Clinical research studies are essential to ensure that vaccines are safe and effective. Not only is this process necessary, but also it is heavily regulated by the U.S. Food and Drug Administration’s Center for Biologics Evaluation and Research (CBER). All vaccines must undergo three phases prior to market approval. The first of these is Phase I, in which small groups of people receive a trial vaccine. Then comes Phase II, in which researchers give the vaccine to a larger, more targeted group of people. Finally, there is Phase III, in which researchers give the vaccine to thousands of people for final testing. Learn more about the phases of clinical research studies for vaccines, and what these phases mean for the groundbreaking COVID-19 vaccines.
Phases of Clinical Research Studies for Vaccines
Vaccine Research Studies: Discovery Phase
The Centers for Disease Control and Prevention (CDC) outline the vaccine trial stages on the agency’s website. But before researchers can complete vaccine development and testing, they must complete an initial “discovery phase.” During this phase, researchers study the structure of the targeted virus. Understanding viral structure – its genetic makeup, for example – is key when creating an effective vaccine. This process usually takes several years. The discovery phase concludes when scientists are able to select the type of vaccine that is most compatible with the targeted virus’s characteristics.
Clinical Research Studies for Vaccines
Before vaccines can undergo clinical research studies with human participants, they must first undergo pre-clinical testing. Pre-clinical testing allows scientists to study the vaccine’s safety and efficacy on animals before moving to testing in humans. After a vaccine is approved through pre-clinical testing, it must undergo three trial phases. Researchers may stagger the three phases by a gap of at least one to two years, depending on the results of each phase:
- Phase 1 clinical research study: The first phase of clinical research studies involves a small test group – usually less than 100 people – and helps determine if the vaccine is generally safe. This phase also helps scientists determine the best dosage for the vaccine.
- Phase 2 clinical research study: Once a vaccine advances past the first phase, it requires a larger study group – typically a few hundred volunteers. This phase focuses on efficacy, or how well the vaccine works. These studies also help inform side effects.
- Phase 3 clinical research study: The final stage of vaccine testing usually includes thousands of volunteers. This stage incorporates a placebo vaccine, also known as a control medication. Participants receive either the placebo vaccine or the active vaccine in testing, allowing scientists to compare people who receive the vaccine to those who did not. This final phase provides more conclusive data about vaccine efficacy and side effects.
Clinical Research Studies and the COVID-19 Vaccine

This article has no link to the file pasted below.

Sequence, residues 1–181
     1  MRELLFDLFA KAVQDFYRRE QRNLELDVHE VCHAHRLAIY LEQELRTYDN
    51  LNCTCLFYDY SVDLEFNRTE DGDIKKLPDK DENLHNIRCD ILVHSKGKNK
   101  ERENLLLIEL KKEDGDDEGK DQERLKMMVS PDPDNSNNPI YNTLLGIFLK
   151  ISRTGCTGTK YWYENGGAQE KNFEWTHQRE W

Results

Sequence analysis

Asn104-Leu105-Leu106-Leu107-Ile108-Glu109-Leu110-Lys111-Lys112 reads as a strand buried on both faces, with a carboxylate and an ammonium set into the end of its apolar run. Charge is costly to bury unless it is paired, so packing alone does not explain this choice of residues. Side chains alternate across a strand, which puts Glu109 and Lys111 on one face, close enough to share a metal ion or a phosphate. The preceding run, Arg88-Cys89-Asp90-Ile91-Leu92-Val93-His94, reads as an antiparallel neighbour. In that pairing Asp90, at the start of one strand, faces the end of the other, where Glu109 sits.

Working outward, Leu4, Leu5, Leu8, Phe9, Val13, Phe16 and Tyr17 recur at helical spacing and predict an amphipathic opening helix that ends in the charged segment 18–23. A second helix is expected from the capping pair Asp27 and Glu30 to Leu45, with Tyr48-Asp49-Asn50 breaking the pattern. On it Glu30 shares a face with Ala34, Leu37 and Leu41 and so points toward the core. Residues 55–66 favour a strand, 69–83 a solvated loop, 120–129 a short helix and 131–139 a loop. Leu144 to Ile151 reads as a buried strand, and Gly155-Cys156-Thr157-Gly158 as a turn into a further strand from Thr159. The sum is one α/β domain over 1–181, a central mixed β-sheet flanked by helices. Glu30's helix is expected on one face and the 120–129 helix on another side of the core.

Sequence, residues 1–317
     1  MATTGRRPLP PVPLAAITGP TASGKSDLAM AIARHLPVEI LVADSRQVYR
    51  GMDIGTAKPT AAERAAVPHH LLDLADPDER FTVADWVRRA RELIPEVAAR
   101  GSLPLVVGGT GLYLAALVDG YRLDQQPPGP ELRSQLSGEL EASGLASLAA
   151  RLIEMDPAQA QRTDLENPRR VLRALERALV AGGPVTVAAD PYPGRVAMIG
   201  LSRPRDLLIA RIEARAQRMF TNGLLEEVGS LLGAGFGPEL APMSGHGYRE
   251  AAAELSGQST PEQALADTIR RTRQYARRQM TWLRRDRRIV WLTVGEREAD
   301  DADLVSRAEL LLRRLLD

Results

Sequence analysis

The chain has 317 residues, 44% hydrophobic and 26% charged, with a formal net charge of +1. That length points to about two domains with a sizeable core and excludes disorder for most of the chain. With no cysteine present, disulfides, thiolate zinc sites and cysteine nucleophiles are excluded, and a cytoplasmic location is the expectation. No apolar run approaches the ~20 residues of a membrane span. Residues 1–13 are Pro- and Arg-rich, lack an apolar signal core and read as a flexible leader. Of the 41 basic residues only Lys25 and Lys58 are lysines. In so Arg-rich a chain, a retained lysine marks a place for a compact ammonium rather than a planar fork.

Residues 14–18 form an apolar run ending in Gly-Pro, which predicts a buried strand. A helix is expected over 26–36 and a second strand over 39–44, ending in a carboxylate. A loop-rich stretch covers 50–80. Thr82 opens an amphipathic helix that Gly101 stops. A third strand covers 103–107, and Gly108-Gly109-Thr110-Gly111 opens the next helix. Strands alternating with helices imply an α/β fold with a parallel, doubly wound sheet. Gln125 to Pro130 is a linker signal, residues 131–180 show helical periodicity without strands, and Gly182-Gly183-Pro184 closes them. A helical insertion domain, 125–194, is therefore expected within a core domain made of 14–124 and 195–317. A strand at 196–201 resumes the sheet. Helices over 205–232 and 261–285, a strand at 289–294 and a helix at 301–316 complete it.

As mentioned above, vaccine trial phases are often separated by at least a year. However, the vaccine development process for the latest COVID-19 vaccines took less than a year. How is this possible, given that COVID vaccines went through the same required layers of review and testing as other vaccines? As Boston public radio station WBUR reports, medical authorities removed several common barriers to vaccine development in an effort to slow the pandemic. For example, public and private entities worked together to raise billions for immediate trial funding. In terms of vaccine trial phases, all three phases of COVID-19 vaccine research studies were planned simultaneously to prevent delays. Finally, while the novel coronavirus is a new disease, it belongs to a familiar family of viruses. As the University of Maryland Medical System explains, scientists were already researching potential vaccines for other coronaviruses, making it easier to develop a vaccine for COVID-19.
Phases of clinical research studies are an essential part of the vaccine development process. By examining the unique COVID-19 vaccine development process, trial participants may better understand how truly safe and effective these vaccines can be.
Have you ever thought about participating in a clinical research study? You could be a part of history! And QPS Missouri is looking for new participants. Since opening its doors in 1994, QPS Missouri has conducted over 1,000 FDA-regulated studies, paying out over $35 million to local participants. Your local participation could have a global impact, as QPS is an international leader in contract research with facilities in North America, Europe, and Asia. Our mission is to accelerate the development of drugs worldwide by enabling breakthroughs in pharmaceutical innovation. This includes several pediatric studies across several age ranges. If you would like to join us in this crucial healthcare mission, consider applying for a clinical research study.
To get started, you simply need to fill out an online application. Within 48 business hours, a recruiting coordinator will contact you for your pre-screening assessment. To learn more, please visit the QPS Missouri website, review the study participation process, or check out our list of frequently asked questions.